Reproduction Jaques Anderssen Chessmen
Offered here is a set of Reproduction Jaques Anderssen Chessmen, It is an exact rendition of the Anderssen Style Staunton Chessmen as they appeared in 1856. This is a weighted tournament-size set featuring a 3-1/2″ King with a 1-3/4″ diameter base. Each of the chess pieces rests atop green English baize base pads. These Reproduction Jaques Anderssen Chessmen are accurate – right down to the impression of a red king’s crown on the summits of one Knight and Rook from each army to designate the Kingside piece. The image provided shows the reproduction and the original Jaques Anderssen chessmen. See if you can identify the original! The set being offered is crafted from antiqued Boxwood and pure Gabon Ebony. The Chessmen are new. Each set consists of 34 Chessmen, including four Queens to facilitate Pawn Promotion, now a standard that was introduced by Mr. Camaratta over 25 years ago. Note the masterful workmanship of the Knights, which are derived from the noble steeds whose visages are captured in the Parthenon frieze (expropriated between 1801 and 1812 by Thomas Bruce, 7th Lord of Elgin and since referred to as the Elgin Marbles). This distinctive, finely detailed Knight head is the hallmark of a true Staunton design.
The reproduction Anderssen Chessmen are turned and hand-carved by our master artisans and crafted out of the highest grade woods. The design of the 1856 Anderssen Chessmen exemplify a perfect combination of distinct beauty and functionality. They have been designed to withstand the rigors of practical play while maintaining an elegance which has become the hallmark of all Frank Camaratta creations. The chessmen are accompanied by a correct Facsimile orange-yellow Manufacturer’s label. A premium Mahogany storage box and suitable chessboard are available.
The Reproduction Jaques Anderssen Chessmen play and display best on a chessboard with 2-1/8″ or 2-1/4″ squares.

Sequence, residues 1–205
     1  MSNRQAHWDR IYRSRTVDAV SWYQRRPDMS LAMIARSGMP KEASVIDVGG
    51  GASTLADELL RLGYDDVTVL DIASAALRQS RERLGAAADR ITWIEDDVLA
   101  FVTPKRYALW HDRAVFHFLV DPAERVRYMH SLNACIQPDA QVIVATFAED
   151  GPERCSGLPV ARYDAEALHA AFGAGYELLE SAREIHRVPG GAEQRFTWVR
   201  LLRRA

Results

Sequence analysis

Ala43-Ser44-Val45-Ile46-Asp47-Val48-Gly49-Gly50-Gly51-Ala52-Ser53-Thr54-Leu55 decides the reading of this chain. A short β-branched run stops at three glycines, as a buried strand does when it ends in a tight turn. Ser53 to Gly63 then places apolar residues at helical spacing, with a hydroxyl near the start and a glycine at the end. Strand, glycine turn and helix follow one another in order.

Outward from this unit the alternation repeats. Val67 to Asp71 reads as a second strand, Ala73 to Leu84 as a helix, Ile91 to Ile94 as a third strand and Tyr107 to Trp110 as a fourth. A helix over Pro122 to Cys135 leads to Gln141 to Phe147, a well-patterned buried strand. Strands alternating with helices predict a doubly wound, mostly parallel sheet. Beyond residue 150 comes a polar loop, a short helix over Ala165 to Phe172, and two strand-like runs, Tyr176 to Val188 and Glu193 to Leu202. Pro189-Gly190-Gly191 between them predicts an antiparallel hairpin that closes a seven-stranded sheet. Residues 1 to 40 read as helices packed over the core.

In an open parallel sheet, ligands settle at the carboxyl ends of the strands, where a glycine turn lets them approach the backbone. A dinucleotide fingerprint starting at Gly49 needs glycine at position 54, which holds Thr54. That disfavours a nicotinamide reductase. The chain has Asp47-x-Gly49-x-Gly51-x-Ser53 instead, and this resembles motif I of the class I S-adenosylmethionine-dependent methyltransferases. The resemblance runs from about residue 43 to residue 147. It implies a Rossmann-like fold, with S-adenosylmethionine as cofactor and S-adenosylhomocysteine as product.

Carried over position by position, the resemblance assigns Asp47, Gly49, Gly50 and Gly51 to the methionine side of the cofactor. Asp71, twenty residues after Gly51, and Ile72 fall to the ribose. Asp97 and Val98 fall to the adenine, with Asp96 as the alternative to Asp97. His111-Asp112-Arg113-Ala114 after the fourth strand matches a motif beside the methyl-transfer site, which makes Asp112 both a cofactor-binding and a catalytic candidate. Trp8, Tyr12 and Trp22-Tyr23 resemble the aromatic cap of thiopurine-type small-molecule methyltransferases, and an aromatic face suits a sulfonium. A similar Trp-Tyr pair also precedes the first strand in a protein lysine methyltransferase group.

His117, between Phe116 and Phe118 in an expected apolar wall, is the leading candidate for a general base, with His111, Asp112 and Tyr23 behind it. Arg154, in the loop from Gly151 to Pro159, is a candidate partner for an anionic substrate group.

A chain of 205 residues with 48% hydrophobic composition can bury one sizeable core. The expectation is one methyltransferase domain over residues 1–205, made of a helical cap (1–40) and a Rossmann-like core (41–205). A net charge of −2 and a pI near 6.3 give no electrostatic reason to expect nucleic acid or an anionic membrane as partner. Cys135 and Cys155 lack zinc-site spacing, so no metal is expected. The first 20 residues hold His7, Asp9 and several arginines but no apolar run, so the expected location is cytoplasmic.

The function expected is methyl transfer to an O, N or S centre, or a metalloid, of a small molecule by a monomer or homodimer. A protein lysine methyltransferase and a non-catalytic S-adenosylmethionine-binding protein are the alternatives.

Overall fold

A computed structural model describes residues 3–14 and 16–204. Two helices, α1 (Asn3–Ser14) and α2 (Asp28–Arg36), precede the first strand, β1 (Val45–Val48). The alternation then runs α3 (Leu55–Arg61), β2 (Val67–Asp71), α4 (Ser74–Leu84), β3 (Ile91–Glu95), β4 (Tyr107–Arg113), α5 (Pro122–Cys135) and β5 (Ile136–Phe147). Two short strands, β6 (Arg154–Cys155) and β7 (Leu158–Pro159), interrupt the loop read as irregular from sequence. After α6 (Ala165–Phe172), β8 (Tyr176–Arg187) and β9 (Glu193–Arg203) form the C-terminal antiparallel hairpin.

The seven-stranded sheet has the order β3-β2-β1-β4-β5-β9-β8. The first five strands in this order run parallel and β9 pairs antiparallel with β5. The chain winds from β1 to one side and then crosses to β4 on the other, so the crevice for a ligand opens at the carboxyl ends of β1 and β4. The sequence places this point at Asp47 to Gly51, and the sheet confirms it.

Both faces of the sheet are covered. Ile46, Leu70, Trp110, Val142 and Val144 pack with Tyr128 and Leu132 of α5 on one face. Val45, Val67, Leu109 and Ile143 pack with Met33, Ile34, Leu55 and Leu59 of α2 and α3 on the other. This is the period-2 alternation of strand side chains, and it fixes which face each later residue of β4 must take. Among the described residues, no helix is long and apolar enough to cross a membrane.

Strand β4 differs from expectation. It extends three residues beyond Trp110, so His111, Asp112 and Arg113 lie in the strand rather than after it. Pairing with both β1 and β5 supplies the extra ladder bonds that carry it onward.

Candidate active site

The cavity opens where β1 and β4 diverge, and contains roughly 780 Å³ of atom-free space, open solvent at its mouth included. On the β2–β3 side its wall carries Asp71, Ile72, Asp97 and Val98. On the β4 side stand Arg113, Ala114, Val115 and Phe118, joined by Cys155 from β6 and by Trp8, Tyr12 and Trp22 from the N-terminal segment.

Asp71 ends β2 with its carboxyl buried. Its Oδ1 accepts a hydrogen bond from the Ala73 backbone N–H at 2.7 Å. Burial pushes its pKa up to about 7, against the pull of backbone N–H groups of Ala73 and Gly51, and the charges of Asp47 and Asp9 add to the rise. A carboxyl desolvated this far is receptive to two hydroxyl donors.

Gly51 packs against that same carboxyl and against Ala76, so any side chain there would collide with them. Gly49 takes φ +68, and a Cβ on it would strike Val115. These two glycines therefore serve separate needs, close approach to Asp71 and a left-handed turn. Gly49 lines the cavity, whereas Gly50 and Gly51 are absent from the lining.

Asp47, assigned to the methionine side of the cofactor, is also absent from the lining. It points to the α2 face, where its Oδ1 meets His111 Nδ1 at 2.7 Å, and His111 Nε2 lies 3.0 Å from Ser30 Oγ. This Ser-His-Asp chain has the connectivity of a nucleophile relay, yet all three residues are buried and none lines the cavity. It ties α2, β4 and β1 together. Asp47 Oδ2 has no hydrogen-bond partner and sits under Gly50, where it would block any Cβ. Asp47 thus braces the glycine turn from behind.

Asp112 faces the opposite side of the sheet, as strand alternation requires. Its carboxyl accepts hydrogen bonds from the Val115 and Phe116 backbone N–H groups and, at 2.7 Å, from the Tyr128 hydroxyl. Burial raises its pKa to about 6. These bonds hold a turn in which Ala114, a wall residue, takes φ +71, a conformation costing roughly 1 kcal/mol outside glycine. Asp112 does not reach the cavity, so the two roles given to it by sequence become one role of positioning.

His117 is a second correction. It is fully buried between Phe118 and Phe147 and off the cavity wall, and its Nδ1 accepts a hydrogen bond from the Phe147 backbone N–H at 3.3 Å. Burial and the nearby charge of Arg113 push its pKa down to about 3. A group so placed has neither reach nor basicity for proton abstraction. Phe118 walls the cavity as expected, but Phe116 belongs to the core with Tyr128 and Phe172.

The Staunton Pattern was first offered to the public for sale in the Fall of 1849 by the company of John Jaques of London. The original design was registered to Nathaniel Cooke in the Spring of that year. The chessmen design was named after the self-proclaimed world champion, Howard Staunton, an English Shakespearean scholar. Whether or not the design was actually the brainchild of Cooke is open to much speculation. It is relatively certain that the pattern was not designed by the egotistical Staunton, as he never laid claim to such.
What is known is that, on 1st March, 1849, Nathaniel Cooke, 198, Strand, London, registered an Ornamental Design for a set of Chess-Men, under the Ornamental Designs Act of 1842. At that date, there was no provision for the registration of any design or articles of ivory, registration was limited to Class 2, articles made chiefly of wood.
The right to manufacture such sets was acquired by John Jaques and he began to supply the retail trade on 29 September, 1849. On the same day, the following advertisement appeared Illustrated London News: A set of Chessmen, of a pattern combining elegance and solidity to a degree hitherto unknown, has recently appeared under the auspices of the celebrated player Mr. STAUNTON. A guiding principle has been to give by their form a signification to the various pieces – thus the king is represented by a crown, the Queen by a coronet, &c. The pieces generally are fashioned with convenience to the hand; and it is to be remarked, that while there is so great an accession to elegance of form, it is not attained at the expense of practical utility. Mr. STAUNTON’S pattern adopts but elevates the conventional form; and the base of the Pieces being of a large diameter, they are more steady than ordinary sets.@ Illustrated London News, September 8, 1849.
Shortly thereafter, the Morning Herald wrote: “A new set of Chessmen has recently appeared under the auspices of Mr. STAUNTON, who, observing their manifest superiority over the old figures in ordinary use, not only as works of art, but in the more practical necessities of convenience, has vouchsafed the guarantee of his name and recommendation. Those who have been in the habit of playing the game will remember the awkward, and inelegant structure of the generality of the shapes which have been in vogue. No artificial feeling until now has ever been brought to bear upon the formation of a pattern which should satisfy the eye both on the score of elegance and propriety.”
And the Morning Chronicle wrote: Mr, STAUNTON, the well-known Chess-player, has associated his name with a new and improved set of Chessmen, of which we have seen a specimen. The chief respect in which these Chess-men differ from the various kinds now in use in this country is that the form of each piece more effectually represents what is intended to be conveyed: as for instance, The King is surmounted by a crown, the Queen with a Queenly coronet, and so in like manner with the other pieces.
The rest is history. The Staunton pattern chessmen quickly became the World standard for serious and casual play. The relatively low production cost brought chess to the masses and did much to popularize the game. Its clean, simple design has never been equaled – the original design looks as modern today as it did upon its introduction over 166 years ago.